London's property market is frothing.
So much so that the capital is home to the most significantly overvalued housing market of any major city in the world, according to a new report - and that means there's a risk the bubble is close to bursting.
"When inexpensive financing is combined with bullish expectations, real estate prices eventually uncouple from the real economy," said UBS head of global real estate Claudio Saputelli.
"We have seen this in the current cycle, particularly in the world’s leading financial centers, where housing prices are now, in many cases, fundamentally unjustified. The risk of a real estate bubble in these cities has risen sharply. While it is not always possible to prove conclusively the existence of a bubble, it remains essential to identify the signs of one early on."
The report warns that London risks a "substantial" price correction due to its position in the bubble-risk zone and that investors shouldn't expect real price appreciation in the medium to long run.
"A change in macroeconomic momentum, a shift in investor sentiment or a major supply increase could trigger a decline in house prices," it says, blaming lose monetary policy for preventing normalisation of the market and fostering the growth of a bubble risk.
London also has the second highest price-to-income (PI), a calculation of the number of years a skilled service worker needs to work to be able to buy a 60 metre square flat near the city centre. Its PI is behind only Hong Kong and has hit an all-time high.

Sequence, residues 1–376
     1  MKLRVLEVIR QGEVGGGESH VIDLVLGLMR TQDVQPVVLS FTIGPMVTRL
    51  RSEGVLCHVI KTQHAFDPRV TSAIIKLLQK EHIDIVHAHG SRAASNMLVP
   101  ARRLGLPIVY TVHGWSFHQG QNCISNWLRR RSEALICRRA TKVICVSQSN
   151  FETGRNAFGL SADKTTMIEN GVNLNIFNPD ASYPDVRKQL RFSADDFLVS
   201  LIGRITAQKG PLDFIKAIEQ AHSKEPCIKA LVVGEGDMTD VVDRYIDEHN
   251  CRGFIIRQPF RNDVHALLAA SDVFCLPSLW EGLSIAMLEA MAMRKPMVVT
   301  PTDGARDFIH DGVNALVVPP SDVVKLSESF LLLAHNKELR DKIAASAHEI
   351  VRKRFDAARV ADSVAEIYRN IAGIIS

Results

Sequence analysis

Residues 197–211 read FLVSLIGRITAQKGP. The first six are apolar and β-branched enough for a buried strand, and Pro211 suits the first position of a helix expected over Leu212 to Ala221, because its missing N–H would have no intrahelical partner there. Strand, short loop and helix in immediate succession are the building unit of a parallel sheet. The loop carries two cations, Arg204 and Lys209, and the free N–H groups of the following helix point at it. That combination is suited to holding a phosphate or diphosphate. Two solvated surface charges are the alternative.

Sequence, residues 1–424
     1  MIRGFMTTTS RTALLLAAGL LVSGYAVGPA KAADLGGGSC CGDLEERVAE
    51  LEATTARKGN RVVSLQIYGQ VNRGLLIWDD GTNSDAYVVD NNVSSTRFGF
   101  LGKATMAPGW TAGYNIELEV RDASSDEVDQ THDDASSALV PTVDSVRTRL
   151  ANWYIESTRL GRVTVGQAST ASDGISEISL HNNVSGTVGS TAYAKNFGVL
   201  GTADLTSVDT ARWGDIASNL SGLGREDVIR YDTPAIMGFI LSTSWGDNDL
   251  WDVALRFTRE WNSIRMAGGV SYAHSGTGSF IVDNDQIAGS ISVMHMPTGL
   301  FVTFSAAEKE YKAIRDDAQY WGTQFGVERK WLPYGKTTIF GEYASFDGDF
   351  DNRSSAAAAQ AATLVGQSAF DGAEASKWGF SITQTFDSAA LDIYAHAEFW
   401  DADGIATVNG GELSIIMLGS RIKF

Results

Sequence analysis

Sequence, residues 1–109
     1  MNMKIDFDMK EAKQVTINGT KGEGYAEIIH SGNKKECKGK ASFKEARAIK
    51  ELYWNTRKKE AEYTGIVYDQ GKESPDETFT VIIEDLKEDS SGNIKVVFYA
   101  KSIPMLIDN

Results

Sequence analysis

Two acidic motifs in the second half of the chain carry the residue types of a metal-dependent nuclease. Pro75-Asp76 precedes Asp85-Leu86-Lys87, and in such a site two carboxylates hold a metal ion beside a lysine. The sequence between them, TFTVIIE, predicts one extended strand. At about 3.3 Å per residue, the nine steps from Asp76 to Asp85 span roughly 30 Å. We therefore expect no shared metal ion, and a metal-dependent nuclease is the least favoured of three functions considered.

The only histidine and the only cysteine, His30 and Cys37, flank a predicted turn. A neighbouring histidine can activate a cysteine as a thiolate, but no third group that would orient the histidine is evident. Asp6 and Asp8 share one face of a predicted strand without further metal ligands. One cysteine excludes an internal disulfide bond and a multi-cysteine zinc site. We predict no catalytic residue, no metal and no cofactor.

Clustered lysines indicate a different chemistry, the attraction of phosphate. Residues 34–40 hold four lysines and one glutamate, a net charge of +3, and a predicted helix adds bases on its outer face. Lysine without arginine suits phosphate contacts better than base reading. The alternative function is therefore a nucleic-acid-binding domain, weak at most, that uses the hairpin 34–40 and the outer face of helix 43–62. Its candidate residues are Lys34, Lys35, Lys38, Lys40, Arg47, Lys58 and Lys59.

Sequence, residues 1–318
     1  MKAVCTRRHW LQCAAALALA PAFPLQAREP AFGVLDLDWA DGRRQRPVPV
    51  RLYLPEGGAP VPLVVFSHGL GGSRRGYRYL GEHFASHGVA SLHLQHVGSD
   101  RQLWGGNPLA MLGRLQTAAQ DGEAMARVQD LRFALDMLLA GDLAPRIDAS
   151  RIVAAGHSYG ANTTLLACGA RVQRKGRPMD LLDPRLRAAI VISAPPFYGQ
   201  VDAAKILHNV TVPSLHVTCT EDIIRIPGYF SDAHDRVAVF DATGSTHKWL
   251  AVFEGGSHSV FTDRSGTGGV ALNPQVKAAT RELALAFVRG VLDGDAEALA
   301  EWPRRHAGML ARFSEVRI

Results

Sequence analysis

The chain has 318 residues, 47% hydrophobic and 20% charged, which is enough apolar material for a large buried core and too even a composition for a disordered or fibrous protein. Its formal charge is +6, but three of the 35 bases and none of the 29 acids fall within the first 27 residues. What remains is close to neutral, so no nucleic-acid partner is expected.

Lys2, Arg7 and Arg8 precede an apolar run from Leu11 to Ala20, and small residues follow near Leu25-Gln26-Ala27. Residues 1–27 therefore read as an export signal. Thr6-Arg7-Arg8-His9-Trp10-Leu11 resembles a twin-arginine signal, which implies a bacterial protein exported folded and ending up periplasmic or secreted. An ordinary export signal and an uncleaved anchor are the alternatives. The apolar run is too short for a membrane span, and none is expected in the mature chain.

"House prices have also decoupled from local incomes in London, Paris, Singapore, New York and Tokyo, PI multiples exceed 10. Unaffordable housing points to high dependence on foreign demand. So the risk of a price correction, should that demand weaken, is elevated, and the long-run appreciation prospects lower."
Demand for London property from foreigners looking for safe haven investments are the biggest cause of current valuations.
"Global geopolitical risk and the high property valuations in Asian cities have helped to propel London house prices to new heights," the report says of the capital. "Domestic buyers too have contributed to the appreciation. The “help-to-buy” scheme, alluring yields on buy-to-let investments and ongoing population growth have stoked demand."